The Academic Senate has named three UCSF faculty members as winners of the 2003-04 Distinction in Teaching Awards.
Douglas R. Fredrick, MD, associate clinical professor in the Department of Ophthalmology, Betty-ann Hoener, PhD, professor and vice chair in the Department of Biopharmaceutical Sciences, and Kanu Chatterjee, MB, professor, Department of Medicine, Division of Cardiology and the Ernest Gallo Distinguished Professor of Medicine, will be honored by the Chancellor at the Founders Day Banquet on Tuesday, April 27, at the St. Francis Hotel in San Francisco and by the Academic Senate on Thursday, April 29, at noon in Cole Hall.
Douglas R. Fredrick, selected in the award category which acknowledges outstanding faculty who have been at UCSF for five years or less,
first came to the University in 1992 and rejoined the faculty in 2002 because of his strong commitment to teaching. He is director of pediatric ophthalmology at both UCSF and San Francisco General Hospital Medical Center. The focus of Fredrick's research is on improving the care of pediatric ocular diseases through investigations into myopia epidemiology, congenital ocular anomalies, vision development in premature infants, and early treatment of retinopathy of prematurity.
Fredrick is the only member of the Department of Ophthalmology to twice receive the Excellence in Teaching Award from residents, in both 1996 and 2003. He is also an advisor to the Blind Babies Foundation and Prevent Blindness, Northern California, and regularly volunteers for Project Orbis International - the world's only flying eye hospital, where volunteers supply training and education to local health professionals while treating patients in developing nations.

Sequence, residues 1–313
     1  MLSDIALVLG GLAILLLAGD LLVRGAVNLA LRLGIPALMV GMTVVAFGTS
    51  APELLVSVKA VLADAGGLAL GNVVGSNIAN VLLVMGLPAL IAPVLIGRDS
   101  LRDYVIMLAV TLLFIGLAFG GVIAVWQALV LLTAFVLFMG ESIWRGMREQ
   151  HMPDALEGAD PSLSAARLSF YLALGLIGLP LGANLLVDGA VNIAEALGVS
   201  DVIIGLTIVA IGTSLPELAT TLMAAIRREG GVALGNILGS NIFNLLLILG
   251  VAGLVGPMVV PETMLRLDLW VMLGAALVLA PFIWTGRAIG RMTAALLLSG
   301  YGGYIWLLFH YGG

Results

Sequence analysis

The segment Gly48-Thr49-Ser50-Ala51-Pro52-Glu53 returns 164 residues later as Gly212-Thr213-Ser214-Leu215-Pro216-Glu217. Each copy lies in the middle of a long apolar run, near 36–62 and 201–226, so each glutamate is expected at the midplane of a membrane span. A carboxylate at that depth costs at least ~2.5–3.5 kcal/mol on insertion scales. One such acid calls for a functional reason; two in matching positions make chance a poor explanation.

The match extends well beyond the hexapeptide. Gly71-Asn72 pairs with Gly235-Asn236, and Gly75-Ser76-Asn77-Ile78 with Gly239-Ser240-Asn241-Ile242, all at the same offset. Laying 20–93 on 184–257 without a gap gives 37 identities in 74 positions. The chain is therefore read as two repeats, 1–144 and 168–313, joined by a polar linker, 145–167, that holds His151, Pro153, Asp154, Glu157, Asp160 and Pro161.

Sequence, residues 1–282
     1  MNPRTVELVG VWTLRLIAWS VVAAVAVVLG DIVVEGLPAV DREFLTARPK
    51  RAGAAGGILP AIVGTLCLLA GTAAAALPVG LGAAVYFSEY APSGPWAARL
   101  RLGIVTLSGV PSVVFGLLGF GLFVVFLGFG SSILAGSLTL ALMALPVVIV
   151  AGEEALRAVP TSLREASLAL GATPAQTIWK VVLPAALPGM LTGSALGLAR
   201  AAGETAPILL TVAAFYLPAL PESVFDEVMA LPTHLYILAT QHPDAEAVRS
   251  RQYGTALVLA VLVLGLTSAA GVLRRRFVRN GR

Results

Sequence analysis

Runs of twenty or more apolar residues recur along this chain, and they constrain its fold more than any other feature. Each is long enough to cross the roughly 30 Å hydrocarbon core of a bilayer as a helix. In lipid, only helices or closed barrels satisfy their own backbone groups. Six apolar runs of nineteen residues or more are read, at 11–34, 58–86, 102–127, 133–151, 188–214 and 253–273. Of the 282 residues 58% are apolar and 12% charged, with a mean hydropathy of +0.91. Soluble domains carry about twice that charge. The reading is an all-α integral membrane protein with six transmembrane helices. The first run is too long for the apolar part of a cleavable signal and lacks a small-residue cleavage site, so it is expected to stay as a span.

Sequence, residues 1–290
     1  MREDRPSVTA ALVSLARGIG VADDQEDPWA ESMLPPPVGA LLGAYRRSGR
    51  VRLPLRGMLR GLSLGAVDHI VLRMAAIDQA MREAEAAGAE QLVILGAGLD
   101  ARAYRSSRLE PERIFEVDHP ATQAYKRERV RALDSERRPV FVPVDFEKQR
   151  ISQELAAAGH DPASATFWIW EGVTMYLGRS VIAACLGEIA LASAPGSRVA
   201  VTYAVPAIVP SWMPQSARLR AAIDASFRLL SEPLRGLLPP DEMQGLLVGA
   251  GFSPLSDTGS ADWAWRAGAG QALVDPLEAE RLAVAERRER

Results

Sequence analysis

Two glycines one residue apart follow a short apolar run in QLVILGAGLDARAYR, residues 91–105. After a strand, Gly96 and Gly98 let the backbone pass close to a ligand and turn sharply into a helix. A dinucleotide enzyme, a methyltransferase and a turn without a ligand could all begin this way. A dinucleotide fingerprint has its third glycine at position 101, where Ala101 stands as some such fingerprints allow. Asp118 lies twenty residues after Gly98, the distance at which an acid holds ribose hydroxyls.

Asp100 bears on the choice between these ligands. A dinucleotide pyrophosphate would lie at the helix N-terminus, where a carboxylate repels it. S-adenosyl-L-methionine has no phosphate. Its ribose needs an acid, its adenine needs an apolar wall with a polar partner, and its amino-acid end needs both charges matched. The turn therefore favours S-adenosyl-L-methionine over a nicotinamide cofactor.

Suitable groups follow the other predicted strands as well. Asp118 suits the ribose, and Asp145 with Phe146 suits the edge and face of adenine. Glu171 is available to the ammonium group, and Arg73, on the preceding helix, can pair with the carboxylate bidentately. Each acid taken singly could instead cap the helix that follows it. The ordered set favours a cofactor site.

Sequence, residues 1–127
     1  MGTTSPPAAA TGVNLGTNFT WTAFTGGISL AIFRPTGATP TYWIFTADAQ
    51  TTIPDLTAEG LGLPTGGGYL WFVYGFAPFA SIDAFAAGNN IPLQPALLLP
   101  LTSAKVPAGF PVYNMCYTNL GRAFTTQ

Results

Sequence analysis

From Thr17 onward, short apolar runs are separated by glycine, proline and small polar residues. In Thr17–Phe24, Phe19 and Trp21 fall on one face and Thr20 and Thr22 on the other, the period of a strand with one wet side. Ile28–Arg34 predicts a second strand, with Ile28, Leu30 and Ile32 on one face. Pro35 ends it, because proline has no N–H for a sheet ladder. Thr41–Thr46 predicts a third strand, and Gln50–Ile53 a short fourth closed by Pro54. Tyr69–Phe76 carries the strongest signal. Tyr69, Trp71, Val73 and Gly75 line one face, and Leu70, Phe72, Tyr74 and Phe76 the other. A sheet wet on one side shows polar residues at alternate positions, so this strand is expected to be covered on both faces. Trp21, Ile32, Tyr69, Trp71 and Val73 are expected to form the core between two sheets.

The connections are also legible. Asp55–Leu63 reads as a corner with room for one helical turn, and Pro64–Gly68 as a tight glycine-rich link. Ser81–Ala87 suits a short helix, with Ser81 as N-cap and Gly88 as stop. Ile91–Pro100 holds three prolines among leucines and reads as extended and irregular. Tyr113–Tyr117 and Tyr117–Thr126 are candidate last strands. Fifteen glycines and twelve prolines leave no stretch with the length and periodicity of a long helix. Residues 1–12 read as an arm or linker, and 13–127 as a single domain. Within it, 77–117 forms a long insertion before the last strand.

Betty-ann Hoener, co-recipient in the award category acknowledging distinction in teaching for faculty who have been at UCSF for five years or more, has been a vital part of UCSF for 30 years. She is the first UCSF faculty member to receive the Distinction in Teaching Award for a second time. She won the award in 1979 when she was a junior professor. Hoener is the recipient of a record number of teaching awards for the School of Pharmacy, and she has received national recognition for her innovative and interactive teaching methods.
Hoener also directs and coordinates "Pharmacokinetics for Pharmaceutical Scientists," a major one-week course in which she is considered one of the best lecturers. Hoener's own research focuses on developing in vitro-in vivo correlations in order to model the transport and metabolism of drugs.
Kanu Chatterjee, also recognized in the category for faculty at UCSF for over five years, joined the faculty of UCSF in 1975. He has spent the last three decades educating generations of cardiologists, whose appreciation and respect has led several to create an international "Dr. Chatterjee society." As a "master of the cardiovascular exam," Chatterjee uses bedside rounds to teach students, staff, and patients alike.
He has received numerous honors for his teaching, including the Kaiser Award for Teaching (1977), Excellence in Teaching Award (1995), Outstanding Teacher, Class of 1990 and 1991, the first Melvin D. Marcus Memorial Gifted Teacher Award from the International Society of Heart Failure (1995), the first Floyd C. Rector Award for Excellence in Teaching (1996), and the Gifted Teacher Award from the American College of Cardiology (1990).
Chatterjee's research focuses on systemic and coronary hemodynamics in patients with acute heart failure, valvular heart disease and chronic heart failure. He was the first doctor to report post pacing T-wave changes that have subsequently been described as "cardiac memory," and was first to report the relationship between endocardial potentials and ventricular volumes. He was also first to report the beneficial effects of vasodilators in mitral regurgitation.